Monday, October 29, 2012


In order to help those who require last-minute computer communications, and to take extra measures of security for the building, the Plainfield Public Library will be open Monday from 9M to 12 or 1pm, depending on worsening weather conditions.  We will be closed all day Tuesday.

Joe Da Rold
Executive Director

Monday, pre Sandy, Get ready as best we can and hope for the best. Sunday; The Giants  (football) won by a finger tip. The Giants (baseball) won in extra innings the World Series. Least set as possible about the Jets the better. As usual I had a good afternoon sleep through two games, especially the Jets.

Baseball season ended last night; pro Basketball begins this weekend. That is for those  who like  a sport where only the last 5 minutes are important.

I expect that we will lose our electricity during the storm and trust that it will be the worst I suffer although have too many tall old trees. Anyhow this most likely may be the last post this week; time will tell.

At this moment my grandchildren in Richmond Va. and Columbus OH just called and they are under similar storm conditions. I doubt that there has ever been one in written records time a storm of this magnitude. Could the Mayan calender be two months off?

Once again best of luck the next 36 hours.

Sunday, October 28, 2012


"Health Care' will have to take a back seat for the duration of the storm. Let us hope that no one of us suffers any serious damage. I for one will cross my fingers, my toes (figuratively), my legs, and arms and hope for good fortune- GBW.

Saturday's LWV Candidates Forum was an exercise in logistics which they should be congratulated for doing well. Since with the exception of the BOE elections there are no true contests although the third ward race has all legitimate candidates the party line is too strong for any outsider to9 have an impact. Truly, the Council seats are elected at the primaries.

That said the biggest citizen turnout and interests was for the BOE elections where  in this non political election there are two tickets, one supposedly favored by the Campbells who have controlled the Board the last two years. Remarkably they could only place two candidates for the three three years seats. 

The other full slate is "rumored" to have the blessings  of Jerry Green. Under such circumstances how can any election in which power brokers have an interest be apolitical?

I suppose as usual it matters little, unfortunately, on the qualifications of any of the candidates in this election. The Slam (Campbells) were elected several years ago to rejuvenate a dysfunctional Board. In stead of being open and transparent they have outdone their predecessors in secrecy and manipulation. Once again for better or worse a change is in order.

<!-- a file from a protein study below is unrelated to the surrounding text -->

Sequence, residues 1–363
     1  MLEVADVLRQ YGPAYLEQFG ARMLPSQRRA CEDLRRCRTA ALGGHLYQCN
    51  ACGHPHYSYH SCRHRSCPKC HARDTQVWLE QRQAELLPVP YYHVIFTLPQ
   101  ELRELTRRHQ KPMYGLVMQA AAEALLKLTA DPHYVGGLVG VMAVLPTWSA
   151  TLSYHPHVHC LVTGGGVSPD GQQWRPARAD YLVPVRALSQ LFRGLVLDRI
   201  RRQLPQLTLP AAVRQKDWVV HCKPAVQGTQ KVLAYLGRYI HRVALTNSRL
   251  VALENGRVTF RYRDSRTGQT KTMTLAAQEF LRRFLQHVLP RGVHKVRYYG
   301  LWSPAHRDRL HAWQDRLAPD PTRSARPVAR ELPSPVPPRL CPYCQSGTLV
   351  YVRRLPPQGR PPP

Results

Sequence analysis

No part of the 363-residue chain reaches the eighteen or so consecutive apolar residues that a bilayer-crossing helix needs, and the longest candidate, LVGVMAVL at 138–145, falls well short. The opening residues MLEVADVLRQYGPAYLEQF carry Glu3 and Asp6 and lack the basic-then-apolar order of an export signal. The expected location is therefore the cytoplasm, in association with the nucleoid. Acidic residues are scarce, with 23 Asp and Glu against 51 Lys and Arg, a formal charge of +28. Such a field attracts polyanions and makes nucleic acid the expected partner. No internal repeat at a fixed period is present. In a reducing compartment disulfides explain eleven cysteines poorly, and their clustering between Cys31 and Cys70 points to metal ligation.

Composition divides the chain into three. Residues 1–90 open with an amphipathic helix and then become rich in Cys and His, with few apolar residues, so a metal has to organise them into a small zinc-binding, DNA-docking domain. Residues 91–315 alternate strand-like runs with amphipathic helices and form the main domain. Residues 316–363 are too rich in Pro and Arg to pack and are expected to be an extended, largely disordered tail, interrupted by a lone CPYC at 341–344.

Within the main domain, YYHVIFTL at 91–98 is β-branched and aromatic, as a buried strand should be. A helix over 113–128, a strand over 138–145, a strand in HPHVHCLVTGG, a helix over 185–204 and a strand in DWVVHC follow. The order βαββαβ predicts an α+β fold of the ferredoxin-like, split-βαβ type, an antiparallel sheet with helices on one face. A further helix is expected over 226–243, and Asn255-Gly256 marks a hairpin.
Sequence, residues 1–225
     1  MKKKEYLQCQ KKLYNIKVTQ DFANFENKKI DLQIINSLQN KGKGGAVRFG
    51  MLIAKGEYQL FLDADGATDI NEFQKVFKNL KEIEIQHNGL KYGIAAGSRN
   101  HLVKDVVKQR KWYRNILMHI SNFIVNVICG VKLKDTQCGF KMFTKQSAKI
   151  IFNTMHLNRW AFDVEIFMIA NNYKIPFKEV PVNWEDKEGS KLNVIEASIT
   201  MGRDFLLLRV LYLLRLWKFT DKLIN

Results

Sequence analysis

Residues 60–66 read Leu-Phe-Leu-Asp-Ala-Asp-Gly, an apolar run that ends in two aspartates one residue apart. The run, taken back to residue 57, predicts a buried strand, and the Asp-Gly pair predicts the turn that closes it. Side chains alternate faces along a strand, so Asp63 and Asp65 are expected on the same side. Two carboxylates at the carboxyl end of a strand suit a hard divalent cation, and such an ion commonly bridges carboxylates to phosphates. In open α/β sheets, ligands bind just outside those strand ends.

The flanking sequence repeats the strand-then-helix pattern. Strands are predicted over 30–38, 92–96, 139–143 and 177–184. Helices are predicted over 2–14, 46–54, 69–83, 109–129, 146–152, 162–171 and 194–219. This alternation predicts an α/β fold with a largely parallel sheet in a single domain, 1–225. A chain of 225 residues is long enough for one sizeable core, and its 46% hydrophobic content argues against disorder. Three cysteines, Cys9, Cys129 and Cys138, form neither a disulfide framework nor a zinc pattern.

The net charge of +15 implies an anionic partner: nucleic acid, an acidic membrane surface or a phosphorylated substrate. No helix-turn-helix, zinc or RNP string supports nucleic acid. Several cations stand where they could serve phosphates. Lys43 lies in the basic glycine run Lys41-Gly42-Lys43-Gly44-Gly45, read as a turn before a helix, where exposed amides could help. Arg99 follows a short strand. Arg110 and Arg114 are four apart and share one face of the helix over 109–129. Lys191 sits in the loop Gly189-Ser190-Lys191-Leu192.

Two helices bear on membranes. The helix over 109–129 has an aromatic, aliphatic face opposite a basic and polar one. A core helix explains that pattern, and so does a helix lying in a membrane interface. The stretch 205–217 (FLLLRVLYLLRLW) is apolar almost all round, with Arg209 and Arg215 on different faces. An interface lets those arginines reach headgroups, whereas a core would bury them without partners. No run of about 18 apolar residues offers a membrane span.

The fivefour of seven candidates for the charter commission who showed for their forum are all capable people and it will be in good hands if they are all elected.

Saturday, October 27, 2012


I will post at least three more  documents  relating to my  concerns about health care and the impact of the affordable Health Care Act. None of this is to be construed as an indictment of neither the Obama administration nor an up to blog for Mitt Romney. I will discuss the so-called Romney alternate to the affordable health care act in a subsequent blog.

Instead in the previous blog and this one I am attempting to express my concerns upon the impact of the act upon delivery of quality care to all Americans.

Articles II: Section 8 of the Constitution which defines Congress’s powers does not specifically give it the right to mandate health care for the citizens. Amendment X would suggest that that night could only be exercised by the state however amendment XIV [civil rights] states that “no state shall make or enforce any law which shall abridge the privileges or immunities of citizens of the United States”.  

I note these quotes from the Constitution because they have the potentiality of making the mandatory provisions of the health care act illegal and unconstitutional. However, that is that problem at this point. I have apparently been told that the health care act not cost us anymore and that there would be no increase in taxes.